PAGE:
Phone Usage Increasing During Class Time


Laure Schulders

Phone caddies offer a solution, though teachers hope to avoid needing to use them.

Makella Wallace

An increase in phone usage by students during class has been observed by staff and students throughout this year. As we continue on our path back to normalcy, school members have noticed more students on their phones during class.

“I think that […] people have increased the usage of their phones,” said Zoey Gonzalez, freshman.

Even though COVID-19 cases have been on the decline, life during the pandemic has impacted how people communicate.

“[Using our phones] was our only way of communication during the pandemic,” said Dalaynin Arnold, freshman.

COVID-19 isn’t the only reason for phone usage during class; the time of year could also be a factor.

“The end of the year is when no one cares anymore, they just want school to be over,” said Arnold. “Phone usage in the beginning of the year versus the end has changed.”

According to the Pew Center, about 95% of teens in the United States report having access to a smartphone, with about 45% reporting that they are almost always using the internet.

“I think that because of the nature of smartphones, I mean they’re designed to be addictive and so I think their design has been successful,” said Lindsay Boynton, social studies teacher. “It’s harder and harder and harder for students to resist checking or using them.”

Some notice that phone usage during class seems to differ depending on the grade level..

“To me, the most noticeable difference is age. My seniors are [on their phones] significantly less than my younger students,” said Boynton. 

As younger students try to adjust to a new environment, it’s been observed that they can turn to their phones for help.

Students also use their phones to listen to music during work time, which can help increase productivity. (Laure Schulders)

“It depends on what grade level you’re in too. I’ve seen freshmen and seniors on their phones the most. Freshmen because they’re new and [trying to] find stuff to do,” said Gonzalez.

One solution has proven to be effective in getting students off of their phones, even if not every student is happy about it.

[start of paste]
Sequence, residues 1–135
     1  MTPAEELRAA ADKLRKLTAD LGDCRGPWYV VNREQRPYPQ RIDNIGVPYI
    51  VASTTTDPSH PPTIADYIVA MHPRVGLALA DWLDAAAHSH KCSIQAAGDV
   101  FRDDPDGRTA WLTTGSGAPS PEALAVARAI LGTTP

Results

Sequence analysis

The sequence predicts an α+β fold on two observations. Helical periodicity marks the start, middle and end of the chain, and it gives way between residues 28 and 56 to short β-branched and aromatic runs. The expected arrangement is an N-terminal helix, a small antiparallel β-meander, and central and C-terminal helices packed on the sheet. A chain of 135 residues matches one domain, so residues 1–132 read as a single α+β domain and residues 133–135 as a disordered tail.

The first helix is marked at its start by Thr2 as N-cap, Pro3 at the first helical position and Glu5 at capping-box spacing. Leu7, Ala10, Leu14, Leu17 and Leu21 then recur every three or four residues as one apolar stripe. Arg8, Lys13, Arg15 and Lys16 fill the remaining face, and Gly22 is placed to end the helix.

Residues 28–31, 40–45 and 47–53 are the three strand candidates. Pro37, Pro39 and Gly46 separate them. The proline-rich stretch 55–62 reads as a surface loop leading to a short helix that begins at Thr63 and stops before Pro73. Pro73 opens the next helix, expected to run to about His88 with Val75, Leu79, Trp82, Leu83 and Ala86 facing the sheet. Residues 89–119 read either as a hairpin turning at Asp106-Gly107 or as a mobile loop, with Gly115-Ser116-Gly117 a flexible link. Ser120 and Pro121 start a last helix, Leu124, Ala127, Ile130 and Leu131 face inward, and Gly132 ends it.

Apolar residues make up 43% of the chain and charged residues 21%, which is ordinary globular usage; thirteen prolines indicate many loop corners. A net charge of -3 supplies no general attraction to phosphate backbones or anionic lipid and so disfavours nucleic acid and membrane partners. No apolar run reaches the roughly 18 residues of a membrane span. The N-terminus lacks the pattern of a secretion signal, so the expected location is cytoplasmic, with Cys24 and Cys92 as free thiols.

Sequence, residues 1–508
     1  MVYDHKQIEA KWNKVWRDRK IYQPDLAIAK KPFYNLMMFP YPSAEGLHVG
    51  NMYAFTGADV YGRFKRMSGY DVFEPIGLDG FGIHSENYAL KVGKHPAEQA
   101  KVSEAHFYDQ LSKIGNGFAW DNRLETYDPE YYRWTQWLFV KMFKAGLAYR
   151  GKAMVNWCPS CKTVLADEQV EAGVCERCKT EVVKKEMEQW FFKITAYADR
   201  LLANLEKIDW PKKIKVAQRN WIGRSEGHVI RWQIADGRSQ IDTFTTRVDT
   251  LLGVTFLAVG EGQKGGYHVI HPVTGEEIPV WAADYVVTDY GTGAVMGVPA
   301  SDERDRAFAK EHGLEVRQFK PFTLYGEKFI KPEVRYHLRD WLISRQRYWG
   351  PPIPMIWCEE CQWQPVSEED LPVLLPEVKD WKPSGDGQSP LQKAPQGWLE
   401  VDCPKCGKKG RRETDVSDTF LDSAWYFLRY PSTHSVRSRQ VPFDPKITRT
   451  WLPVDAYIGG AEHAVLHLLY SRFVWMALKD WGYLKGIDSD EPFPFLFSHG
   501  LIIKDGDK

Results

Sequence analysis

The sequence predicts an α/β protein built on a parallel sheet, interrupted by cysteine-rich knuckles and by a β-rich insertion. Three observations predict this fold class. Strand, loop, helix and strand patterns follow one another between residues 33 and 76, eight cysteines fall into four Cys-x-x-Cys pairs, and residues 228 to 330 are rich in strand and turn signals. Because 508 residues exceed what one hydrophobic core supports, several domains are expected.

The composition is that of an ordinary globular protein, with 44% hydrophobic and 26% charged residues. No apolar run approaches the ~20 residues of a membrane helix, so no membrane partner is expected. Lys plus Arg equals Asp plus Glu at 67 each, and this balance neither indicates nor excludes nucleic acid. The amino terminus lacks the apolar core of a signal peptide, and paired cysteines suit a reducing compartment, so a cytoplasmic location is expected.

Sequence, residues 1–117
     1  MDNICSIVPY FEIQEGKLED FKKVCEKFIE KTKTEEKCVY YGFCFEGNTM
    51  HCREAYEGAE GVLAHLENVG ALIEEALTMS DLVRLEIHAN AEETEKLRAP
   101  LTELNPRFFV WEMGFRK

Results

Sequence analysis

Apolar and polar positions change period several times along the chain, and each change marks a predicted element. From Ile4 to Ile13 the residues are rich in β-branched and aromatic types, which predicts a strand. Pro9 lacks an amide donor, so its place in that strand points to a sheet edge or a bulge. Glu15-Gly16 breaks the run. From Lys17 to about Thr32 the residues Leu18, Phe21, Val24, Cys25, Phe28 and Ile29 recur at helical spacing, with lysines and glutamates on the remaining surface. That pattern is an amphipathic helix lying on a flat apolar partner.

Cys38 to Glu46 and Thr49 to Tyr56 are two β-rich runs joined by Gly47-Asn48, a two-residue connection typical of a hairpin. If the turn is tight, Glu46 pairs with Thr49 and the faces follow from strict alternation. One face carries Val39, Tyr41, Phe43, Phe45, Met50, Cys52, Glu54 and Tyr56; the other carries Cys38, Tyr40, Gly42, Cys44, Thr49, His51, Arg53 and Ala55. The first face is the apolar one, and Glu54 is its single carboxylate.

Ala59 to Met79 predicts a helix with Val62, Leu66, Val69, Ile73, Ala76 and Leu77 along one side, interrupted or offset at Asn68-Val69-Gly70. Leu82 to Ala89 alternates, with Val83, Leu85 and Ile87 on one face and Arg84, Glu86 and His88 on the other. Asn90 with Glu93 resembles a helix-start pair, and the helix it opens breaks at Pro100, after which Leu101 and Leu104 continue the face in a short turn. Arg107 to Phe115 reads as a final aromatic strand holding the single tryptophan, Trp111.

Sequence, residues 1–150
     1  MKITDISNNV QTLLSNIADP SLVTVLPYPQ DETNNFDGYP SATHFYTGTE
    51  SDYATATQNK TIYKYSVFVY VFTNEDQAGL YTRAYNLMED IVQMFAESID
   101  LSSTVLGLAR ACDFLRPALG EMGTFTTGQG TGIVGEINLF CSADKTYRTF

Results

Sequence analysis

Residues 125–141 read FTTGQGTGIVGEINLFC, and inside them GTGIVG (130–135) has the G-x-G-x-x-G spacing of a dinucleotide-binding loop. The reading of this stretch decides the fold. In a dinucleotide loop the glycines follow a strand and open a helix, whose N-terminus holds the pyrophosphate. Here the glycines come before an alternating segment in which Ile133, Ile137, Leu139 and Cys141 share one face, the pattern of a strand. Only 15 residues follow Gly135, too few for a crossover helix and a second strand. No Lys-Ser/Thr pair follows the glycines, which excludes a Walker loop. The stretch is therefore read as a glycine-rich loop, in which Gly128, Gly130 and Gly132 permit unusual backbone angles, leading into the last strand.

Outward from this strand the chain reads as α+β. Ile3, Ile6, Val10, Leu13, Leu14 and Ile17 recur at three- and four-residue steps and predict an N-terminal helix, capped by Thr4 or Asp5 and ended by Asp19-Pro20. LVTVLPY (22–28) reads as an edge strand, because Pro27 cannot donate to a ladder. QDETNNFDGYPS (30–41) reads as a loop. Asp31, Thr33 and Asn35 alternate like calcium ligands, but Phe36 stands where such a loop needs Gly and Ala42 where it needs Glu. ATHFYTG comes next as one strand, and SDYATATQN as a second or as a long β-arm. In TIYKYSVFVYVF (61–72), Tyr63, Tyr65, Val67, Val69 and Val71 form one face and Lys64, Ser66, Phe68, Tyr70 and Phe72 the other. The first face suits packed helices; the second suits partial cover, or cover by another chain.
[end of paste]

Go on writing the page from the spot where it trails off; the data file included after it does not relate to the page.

“We have the phone caddies, but we don’t really have a building policy on when or how to use them, except during exams,” said Boynton. “I use the phone caddies during work days because I’ve noticed that [work days] increase the amount of people using their phones since there’s less structure.”

This might not be a permanent solution, though, because students rely on their phones to contact parents or complete schoolwork.

“I have also had classes in the past where if we ask them to put their phones on the wall they get mad and refuse to speak,” said Boynton. “And that is definitely a new behavior in the last couple of years.”

All in all, students’ education is more important than playing on an app or watching videos throughout class time, even if it is more entertaining. Teachers can make every single lesson as entertaining as a phone, which can lead to boredom.

“I think that [phones out during class] is a sign of boredom, I also think it kind of sucks because people don’t physically speak to each other a lot anymore,” said Arnold.

When students continuously use their phones during class, it can harm how well they do in school. According to The Pew Center, roughly 54% of teens express concerns about being on their phones too much. 

Teachers hope that eventually students will manage themselves, instead of relying on teacher instruction.

“I think that ultimately, I would like students to learn how to self regulate with their phones,” said Boynton.